Antiretroviral drugs induce oxidative stress and neuronal damage in the central nervous system

Akay C, Cooper M, Odeleye A, Jensen BK, White MG, Vassoler F, Gannon PJ, Mankowski J, Dorsey JL, Buch AM, Cross SA, Cook DR, Peña MM, Andersen ES, Christofidou-Solomidou M, Lindl KA, Zink MC, Clements J, Pierce RC, Kolson DL, Jordan-Sciutto KL.

Journal of NeuroVirology, 20(1):39-53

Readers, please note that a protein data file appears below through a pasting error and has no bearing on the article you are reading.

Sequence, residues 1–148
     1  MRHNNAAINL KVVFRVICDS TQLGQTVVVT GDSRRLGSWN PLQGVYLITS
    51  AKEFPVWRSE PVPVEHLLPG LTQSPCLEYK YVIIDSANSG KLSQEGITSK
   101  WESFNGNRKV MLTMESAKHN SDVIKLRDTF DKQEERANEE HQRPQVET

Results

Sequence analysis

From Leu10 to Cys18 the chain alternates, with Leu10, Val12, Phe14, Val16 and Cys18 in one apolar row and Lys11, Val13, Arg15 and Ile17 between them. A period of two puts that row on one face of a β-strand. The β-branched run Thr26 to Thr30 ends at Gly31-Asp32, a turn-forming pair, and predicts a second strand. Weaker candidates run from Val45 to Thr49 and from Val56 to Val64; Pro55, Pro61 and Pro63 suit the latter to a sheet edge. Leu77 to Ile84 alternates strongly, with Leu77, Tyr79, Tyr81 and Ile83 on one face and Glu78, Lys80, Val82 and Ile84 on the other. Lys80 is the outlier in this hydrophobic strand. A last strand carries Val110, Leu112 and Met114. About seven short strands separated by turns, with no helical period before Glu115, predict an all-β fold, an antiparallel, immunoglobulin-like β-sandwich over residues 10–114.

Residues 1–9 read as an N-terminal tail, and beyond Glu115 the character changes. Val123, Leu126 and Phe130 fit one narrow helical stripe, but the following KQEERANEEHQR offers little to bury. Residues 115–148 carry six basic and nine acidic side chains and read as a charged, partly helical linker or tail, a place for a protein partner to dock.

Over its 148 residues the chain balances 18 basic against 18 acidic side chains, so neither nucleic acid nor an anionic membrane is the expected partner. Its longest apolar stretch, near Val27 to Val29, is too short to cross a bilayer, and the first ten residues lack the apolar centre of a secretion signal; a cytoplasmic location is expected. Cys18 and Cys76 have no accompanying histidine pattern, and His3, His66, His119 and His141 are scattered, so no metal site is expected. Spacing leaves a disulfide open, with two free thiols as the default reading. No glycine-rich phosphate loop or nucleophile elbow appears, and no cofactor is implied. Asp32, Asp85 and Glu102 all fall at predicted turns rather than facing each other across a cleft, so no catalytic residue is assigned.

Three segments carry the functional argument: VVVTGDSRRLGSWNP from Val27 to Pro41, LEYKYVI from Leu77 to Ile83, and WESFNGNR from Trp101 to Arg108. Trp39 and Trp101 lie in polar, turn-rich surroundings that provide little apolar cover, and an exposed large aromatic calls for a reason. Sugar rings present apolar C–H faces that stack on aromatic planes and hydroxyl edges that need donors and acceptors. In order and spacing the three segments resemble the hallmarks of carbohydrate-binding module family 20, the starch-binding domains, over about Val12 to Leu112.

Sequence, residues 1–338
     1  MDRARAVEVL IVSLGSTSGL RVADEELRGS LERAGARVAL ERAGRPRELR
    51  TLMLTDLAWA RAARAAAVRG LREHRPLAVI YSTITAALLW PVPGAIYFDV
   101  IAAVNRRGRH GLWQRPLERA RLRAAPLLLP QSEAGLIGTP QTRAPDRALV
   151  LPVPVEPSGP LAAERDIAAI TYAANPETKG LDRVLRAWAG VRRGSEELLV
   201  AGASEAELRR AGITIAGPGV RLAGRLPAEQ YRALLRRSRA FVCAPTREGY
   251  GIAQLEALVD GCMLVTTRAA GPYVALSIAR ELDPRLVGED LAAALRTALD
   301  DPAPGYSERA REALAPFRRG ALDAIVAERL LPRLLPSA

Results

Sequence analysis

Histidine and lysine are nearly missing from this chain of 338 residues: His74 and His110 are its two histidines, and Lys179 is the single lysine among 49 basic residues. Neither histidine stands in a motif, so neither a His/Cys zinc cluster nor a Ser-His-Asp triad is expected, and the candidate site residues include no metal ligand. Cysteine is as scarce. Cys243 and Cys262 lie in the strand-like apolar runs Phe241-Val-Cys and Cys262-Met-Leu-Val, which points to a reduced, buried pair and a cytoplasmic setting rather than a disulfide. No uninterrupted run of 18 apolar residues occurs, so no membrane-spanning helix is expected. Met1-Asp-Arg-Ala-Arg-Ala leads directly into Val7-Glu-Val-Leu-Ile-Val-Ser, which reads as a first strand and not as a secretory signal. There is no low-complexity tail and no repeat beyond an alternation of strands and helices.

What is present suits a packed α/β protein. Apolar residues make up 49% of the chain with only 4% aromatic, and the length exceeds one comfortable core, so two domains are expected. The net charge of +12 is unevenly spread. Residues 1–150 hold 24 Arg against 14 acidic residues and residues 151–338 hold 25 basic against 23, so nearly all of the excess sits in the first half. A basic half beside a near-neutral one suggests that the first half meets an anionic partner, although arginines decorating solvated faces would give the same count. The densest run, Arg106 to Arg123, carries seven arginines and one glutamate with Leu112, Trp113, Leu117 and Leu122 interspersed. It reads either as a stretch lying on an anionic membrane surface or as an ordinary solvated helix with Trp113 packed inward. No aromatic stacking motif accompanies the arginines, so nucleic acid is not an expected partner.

HIV-associated neurocognitive disorder (HAND), characterized by a wide spectrum of behavioral, cognitive, and motor dysfunctions, continues to affect approximately 50% of HIV(+) patients despite the success of combination antiretroviral drug therapy (cART) in the periphery. Of note, potential toxicity of antiretroviral drugs in the central nervous system (CNS) remains remarkably underexplored and may contribute to the persistence of HAND in the cART era. Previous studies have shown antiretrovirals (ARVs) to be neurotoxic in the peripheral nervous system in vivo and in peripheral neurons in vitro. Alterations in lipid and protein metabolism, mitochondrial damage, and oxidative stress all play a role in peripheral ARV neurotoxicity. We hypothesized that ARVs also induce cellular stresses in the CNS, ultimately leading to neuronal damage and contributing to the changing clinical and pathological picture seen in HIV-positive patients in the cART era. In this report, we show that ARVs are neurotoxic in the CNS in both pigtail macaques and rats in vivo. Furthermore, in vitro, ARVs lead to accumulation of reactive oxygen species (ROS), and ultimately induction of neuronal damage and death. Whereas ARVs alone caused some activation of the endogenous antioxidant response in vitro, augmentation of this response by a fumaric acid ester, monomethyl fumarate (MMF), blocked ARV-induced ROS generation, and neuronal damage/death. These findings implicate oxidative stress as a contributor to the underlying mechanisms of ARV-induced neurotoxicity and will provide an access point for adjunctive therapies to complement ARV therapy and reduce neurotoxicity in this patient population.